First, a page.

Comment 92472

By JustinJones (registered) - website | Posted September 22, 2013 at 17:13:57

First off, ScreenCarp, when you call Ryan out for not knowing what the current best practices of the engineers are, you're quite erroneous. Those leading the way in traffic engineering have figured out the law of induced demand - that is, people will do whatever is easiest, and have also learned that trying to deal with traffic congestion by building bigger roads is like trying to deal with an obesity problem by buying a bigger belt.

As I mentioned, we've had some of the leading voices on City building here in Hamilton in the past 10 years, and all of them have told us the same thing - the one-way streets have got to go in order for us to achieve economic vitality in our downtown core.

I lived in Toronto for 4 years, and yes I know what the DVP and the Gardiner are, but I'll echo the points that have already been made - these don't run right through the hear of the city. What we have would be akin to converting King and Queen Streets in Toronto into 5-lane, one-way thoroughfares with timed lights to ensure that traffic would move quickly through, but nobody in their right mind would recommend that because all evidence shows that making a street less welcoming to pedestrians has disastrous impacts on the businesses and the vitality of the area.

I agree with your point that "...most world class cities in North America have large arterial roads that move traffic in and out of the downtown core", but what we have in Hamilton is large arterial roads that move traffic DIRECTLY THROUGH our downtown core - and that is not a feature of any world-class city that I know of.

btw - I do own a car, I try to use it as infrequently as possible, which I feel is likely the case with most of the people on this forum who advocate for the same kinds of things that I do. To say that International Village is frequently backed up seems to me to be quite the exaggeration - I've been there at rush hour several times, and never had to wait more than 1 light cycle to move through. And I saw you reference Cannon, but I will reiterate the point that I've been trying to make over and over again, which is that even with removing a lane on Cannon, and even if King and Main were converted to 2-way, there is ABSOLUTELY NO SCENARIO where this causes gridlock. The traffic counts just aren't there to make that argument - you're making your case based on speculation and "gut feeling", but I'm making mine based on the city's traffic counts, global best practices with regard to lane capacity (where the target for a lane should be 8-10,000 vehicles per lane per day in an urban centre) and the other fact that when you start to make the roads feel safer for other people to ride their bikes or walk to their destinations, they tend to leave the car at home more often, thus even further reducing the demands on our road network.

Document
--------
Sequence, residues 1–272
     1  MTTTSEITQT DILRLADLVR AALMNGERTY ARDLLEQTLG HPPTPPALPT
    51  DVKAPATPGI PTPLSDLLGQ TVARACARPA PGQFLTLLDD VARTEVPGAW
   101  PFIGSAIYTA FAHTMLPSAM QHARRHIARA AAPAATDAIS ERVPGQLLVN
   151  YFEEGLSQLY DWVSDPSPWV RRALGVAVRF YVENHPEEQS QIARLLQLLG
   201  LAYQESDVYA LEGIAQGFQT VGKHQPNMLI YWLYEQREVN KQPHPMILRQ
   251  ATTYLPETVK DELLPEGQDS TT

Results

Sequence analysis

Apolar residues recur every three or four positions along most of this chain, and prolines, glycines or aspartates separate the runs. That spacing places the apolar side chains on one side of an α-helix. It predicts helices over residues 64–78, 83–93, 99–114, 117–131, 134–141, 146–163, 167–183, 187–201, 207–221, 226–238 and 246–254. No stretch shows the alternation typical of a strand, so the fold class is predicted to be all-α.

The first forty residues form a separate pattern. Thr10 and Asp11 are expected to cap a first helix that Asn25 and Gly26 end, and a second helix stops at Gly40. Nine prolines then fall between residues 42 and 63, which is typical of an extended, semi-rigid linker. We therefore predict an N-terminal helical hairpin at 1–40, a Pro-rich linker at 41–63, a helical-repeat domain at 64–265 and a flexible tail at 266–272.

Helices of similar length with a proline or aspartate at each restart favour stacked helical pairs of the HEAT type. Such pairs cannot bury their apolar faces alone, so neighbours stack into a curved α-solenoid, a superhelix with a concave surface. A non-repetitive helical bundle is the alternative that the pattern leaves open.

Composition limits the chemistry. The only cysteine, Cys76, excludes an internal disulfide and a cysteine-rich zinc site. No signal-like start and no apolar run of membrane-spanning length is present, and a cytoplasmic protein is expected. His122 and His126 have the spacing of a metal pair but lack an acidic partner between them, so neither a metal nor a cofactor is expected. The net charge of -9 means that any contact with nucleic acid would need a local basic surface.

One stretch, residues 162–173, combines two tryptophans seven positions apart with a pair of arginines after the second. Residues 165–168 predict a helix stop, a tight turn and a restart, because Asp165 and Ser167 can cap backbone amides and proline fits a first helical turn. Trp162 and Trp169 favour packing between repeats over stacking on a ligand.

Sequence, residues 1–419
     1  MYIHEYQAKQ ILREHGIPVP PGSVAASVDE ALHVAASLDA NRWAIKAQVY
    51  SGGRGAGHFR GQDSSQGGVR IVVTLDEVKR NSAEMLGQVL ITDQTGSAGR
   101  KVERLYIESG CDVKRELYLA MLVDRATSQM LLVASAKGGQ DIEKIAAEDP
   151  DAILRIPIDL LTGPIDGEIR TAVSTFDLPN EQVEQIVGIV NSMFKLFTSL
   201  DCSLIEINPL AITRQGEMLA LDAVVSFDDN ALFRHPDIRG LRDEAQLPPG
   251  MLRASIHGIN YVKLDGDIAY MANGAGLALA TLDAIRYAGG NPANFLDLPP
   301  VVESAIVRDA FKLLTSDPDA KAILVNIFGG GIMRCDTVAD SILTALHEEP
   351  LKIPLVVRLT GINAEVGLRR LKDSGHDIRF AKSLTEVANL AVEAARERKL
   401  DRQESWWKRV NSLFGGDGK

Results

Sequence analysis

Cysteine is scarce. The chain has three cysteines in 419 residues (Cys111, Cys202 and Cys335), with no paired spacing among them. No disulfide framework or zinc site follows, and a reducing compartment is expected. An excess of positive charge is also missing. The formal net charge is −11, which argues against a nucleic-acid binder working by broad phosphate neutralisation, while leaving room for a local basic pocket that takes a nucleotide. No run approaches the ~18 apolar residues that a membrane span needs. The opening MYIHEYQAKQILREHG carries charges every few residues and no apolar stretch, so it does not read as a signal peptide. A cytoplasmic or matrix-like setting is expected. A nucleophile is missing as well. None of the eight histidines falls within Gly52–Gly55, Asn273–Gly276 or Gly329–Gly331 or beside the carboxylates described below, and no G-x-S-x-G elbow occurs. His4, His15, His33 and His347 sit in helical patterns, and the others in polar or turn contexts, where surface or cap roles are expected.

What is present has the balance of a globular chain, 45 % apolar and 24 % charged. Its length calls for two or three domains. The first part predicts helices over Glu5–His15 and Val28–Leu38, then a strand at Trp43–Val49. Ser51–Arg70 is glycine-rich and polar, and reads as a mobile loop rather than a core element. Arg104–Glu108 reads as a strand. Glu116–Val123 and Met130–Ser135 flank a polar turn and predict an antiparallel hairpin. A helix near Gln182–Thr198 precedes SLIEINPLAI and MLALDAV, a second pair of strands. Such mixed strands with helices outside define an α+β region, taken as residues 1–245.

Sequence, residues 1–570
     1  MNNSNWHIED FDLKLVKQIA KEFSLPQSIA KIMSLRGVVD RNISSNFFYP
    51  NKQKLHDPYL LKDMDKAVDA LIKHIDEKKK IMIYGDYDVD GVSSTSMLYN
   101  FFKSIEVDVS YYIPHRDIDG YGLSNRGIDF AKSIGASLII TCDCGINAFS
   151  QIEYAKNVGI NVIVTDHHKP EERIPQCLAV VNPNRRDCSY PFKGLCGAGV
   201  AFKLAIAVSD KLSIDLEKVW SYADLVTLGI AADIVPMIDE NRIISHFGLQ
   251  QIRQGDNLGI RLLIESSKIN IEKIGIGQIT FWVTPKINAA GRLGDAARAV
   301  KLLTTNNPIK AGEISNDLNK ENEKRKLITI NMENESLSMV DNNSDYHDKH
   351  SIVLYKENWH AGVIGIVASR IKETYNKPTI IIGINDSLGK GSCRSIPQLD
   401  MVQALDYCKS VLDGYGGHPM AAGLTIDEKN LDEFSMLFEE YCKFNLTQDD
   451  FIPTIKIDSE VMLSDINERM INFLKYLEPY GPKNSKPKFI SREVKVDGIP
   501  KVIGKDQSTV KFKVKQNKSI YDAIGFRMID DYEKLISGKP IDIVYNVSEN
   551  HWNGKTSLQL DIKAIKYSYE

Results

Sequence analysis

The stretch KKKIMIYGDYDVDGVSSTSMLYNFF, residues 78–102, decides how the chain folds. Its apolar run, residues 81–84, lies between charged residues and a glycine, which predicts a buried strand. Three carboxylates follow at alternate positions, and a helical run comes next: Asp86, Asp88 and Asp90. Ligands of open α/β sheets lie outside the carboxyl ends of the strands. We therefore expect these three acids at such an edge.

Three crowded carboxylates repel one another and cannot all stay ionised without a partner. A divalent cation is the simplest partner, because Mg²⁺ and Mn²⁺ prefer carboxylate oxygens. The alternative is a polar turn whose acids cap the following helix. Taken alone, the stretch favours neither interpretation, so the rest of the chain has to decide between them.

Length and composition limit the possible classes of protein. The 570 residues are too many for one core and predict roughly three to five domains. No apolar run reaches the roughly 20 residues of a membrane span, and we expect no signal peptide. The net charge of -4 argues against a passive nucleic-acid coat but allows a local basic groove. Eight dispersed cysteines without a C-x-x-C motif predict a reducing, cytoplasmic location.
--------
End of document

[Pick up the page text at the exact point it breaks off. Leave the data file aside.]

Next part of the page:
As for your comment mocking it being a "nightmare" to walk bike or take transit downtown, I challenge you to get from Ottawa and Main to James and Barton on a bike. Just try it, and you will realize just how asinine that comment is. There really are no safe routes across the lower city that keep you off of high-speed streets like King, Main or Cannon, unless you want to contend with narrow lanes, high-traffic volumes, bump-outs and opening car doors on Barton street. More than 50% of the trips taken in our cars are under 5km - those are the trips where we could be getting people on bikes. 30% of our trips are under 2 km - those are easily walkable. But going back to my earlier point, people will do what is easiest, and as long as it feels safer to hop in your car and drive down to the corner store than to walk or ride your bike, people will do it.

And I have to address one last point, going back to something you said that echoed of a comment I received on a CBC article. You said that "Some folks who write for this site have an agenda based on their ideological beliefs and love of cycling." That kind of rings similar to someone saying I had a vested interest in the Cannon street Bike Lane project that I helped with, so let me take a second to address this.

I have an agenda based on my love of HAMILTON. I have seen the benefits that building a more walkable, bikeable city can bring, and I feel that it is the single most important step that Hamilton can take towards becoming one of Canada's most liveable, desireable cities. My vested interest in bike lanes, which caused me to volunteer about 400 hours of my time and sink several hundred of my own dollars into a campaign to get new lanes on Cannon, is that I want to live in a city where my future children can walk or bike to school, like I did as a kid. I want to live somewhere where I know my neighbours, where I say "hi" to my fellow commuters rather than honk at them and flip them off. My wife will be finishing medical school this year, and she wants to start a practice where she doesn't need to drive to work. We've fallen so in love with Hamilton that we're very strongly considering trying to make that happen here. So yes, I have a vested interest in it - I'm trying to build the kind of community where I can work and pay my property taxes, where my wife can practice community-based family medicine, and where we can settle down and raise our family. So there you have it - full disclosure of my agenda. What's yours?

Permalink | Context

Events Calendar

Recent Articles

Article Archives

Blog Archives

Site Tools

Feeds